Home Secretary accused of making wrong decision over Battle of Orgreave inquiry

A Police and Crime Commissioner who acted for miners when she was a barrister said the Home Secretary was wrong not to order an inquiry into policing at the 'Battle of Orgreave'.

Tuesday, 22nd November 2016, 8:45 am
Updated Tuesday, 22nd November 2016, 11:27 am
Battle of Orgreave

Vera Baird, PCC of Northumbria Police and a former Labour MP, opposed Amber Rudd's decision not to order an investigation into what happened during a clash between picketing miners and police officers at the 1984 miners' strike.

It has emerged that the Home Office still holds around 30 files relating to the strike, some of which are specifically about Orgreave.

Ms Baird said: "I'm very concerned to hear that the Home Office holds 30 papers files relating to Orgreave and we don't know if the Home Secretary considered these before coming to her decision that no inquiry should be held.

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"Let me be absolutely clear, the Home Secretary made the wrong decision, she should have allowed an inquiry so all files could be reviewed.

"Its concerns me that there are a number of files relevant to Orgreave held at the Home Office and we don't know how many of them the Home Secretary looked at before taking her decision."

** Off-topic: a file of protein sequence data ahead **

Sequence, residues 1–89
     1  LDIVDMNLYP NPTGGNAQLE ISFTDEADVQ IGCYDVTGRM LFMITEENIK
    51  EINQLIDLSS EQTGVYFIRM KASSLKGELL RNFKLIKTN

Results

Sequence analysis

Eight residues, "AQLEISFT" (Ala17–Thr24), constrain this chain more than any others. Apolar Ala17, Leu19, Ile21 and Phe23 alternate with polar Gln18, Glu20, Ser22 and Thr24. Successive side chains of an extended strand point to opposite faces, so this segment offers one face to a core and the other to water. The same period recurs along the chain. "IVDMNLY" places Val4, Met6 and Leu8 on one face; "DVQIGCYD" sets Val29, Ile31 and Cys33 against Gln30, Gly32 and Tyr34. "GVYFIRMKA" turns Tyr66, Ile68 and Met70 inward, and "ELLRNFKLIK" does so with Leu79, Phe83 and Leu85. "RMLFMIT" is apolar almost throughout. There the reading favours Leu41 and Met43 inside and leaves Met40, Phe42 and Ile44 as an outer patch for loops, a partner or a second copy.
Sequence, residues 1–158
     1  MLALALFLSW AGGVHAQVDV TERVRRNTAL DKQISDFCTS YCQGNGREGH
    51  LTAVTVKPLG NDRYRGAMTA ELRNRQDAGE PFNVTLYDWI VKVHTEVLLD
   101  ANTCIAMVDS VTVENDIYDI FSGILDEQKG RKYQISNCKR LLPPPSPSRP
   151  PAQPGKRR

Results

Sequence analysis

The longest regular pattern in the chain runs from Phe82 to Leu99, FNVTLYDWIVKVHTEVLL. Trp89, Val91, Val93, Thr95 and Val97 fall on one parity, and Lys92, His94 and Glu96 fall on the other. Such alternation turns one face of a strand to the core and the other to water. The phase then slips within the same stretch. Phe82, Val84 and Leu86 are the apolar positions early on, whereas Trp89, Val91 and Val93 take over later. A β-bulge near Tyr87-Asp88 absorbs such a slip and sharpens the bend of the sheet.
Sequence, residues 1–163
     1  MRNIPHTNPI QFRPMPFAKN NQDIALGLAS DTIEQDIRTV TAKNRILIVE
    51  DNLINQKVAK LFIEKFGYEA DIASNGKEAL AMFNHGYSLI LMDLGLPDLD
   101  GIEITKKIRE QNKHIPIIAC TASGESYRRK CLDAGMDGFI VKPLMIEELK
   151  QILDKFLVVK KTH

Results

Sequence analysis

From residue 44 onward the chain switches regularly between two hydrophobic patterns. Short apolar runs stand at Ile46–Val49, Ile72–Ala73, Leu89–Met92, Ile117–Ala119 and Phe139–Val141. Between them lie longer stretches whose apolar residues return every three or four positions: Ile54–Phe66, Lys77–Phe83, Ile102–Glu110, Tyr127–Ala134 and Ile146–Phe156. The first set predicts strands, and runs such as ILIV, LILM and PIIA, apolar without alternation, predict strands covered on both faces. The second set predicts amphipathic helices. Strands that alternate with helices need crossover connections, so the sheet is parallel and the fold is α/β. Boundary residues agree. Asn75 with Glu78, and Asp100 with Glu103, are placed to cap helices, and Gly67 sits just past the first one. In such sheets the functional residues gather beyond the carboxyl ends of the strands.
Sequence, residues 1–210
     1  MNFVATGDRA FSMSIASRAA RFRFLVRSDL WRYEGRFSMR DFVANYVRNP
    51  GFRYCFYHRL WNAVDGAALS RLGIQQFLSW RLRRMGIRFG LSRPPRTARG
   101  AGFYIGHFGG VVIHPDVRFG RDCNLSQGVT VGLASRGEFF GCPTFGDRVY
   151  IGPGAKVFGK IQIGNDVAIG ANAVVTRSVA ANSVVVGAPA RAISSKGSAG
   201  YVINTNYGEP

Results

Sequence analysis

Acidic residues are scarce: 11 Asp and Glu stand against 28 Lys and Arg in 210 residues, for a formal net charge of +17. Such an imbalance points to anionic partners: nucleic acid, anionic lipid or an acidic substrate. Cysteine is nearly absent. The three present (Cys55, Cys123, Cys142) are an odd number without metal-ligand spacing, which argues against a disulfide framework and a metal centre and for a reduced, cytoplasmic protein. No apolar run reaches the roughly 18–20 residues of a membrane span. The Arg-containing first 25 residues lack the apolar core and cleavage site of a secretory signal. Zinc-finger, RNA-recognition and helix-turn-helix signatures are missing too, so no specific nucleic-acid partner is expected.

The former Labour Solicitor General added: "The Home Secretary needs to answer these questions.

"In the spirit of openness and transparency she owes the miners an explanation on how she reached the conclusion that she did."

The so-called Battle of Orgreave saw the deployment of horseback charges and baton-wielding 'snatch squads' as 6,000 police officers from around the country attempted to prevent striking miners from blocking deliveries at a South Yorkshire coking plant at Orgreave.

Some 95 miners were charged with riot and violent disorder, but cases collapsed and South Yorkshire Police were later required to pay compensation.

Ms Baird represented some of the defendants at their trials.

A Home Office spokesman said: "The Home Secretary's decision was based on a number of factors, including consideration of the key purposes of an inquiry and whether these were met in the case of Orgreave.

"As part of this, the Home Secretary reviewed a range of relevant documentation."